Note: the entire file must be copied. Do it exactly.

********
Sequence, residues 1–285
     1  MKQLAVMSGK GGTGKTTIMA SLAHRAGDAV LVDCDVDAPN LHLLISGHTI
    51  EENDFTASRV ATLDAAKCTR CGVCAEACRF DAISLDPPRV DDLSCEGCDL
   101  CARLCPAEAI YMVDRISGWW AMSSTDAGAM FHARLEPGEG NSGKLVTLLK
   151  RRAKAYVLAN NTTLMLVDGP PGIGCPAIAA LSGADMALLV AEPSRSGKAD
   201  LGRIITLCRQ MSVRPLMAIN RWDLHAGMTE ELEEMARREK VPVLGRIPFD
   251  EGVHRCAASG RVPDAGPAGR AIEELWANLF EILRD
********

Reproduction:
Sequence, residues 1–285
     1  MKQLAVMSGK GGTGKTTIMA SLAHRAGDAV LVDCDVDAPN LHLLISGHTI
    51  EENDFTASRV ATLDAAKCTR CGVCAEACRF DAISLDPPRV DDLSCEGCDL
   101  CARLCPAEAI YMVDRISGWW AMSSTDAGAM FHARLEPGEG NSGKLVTLLK
   151  RRAKAYVLAN NTTLMLVDGP PGIGCPAIAA LSGADMALLV AEPSRSGKAD
   201  LGRIITLCRQ MSVRPLMAIN RWDLHAGMTE ELEEMARREK VPVLGRIPFD
   251  EGVHRCAASG RVPDAGPAGR AIEELWANLF EILRD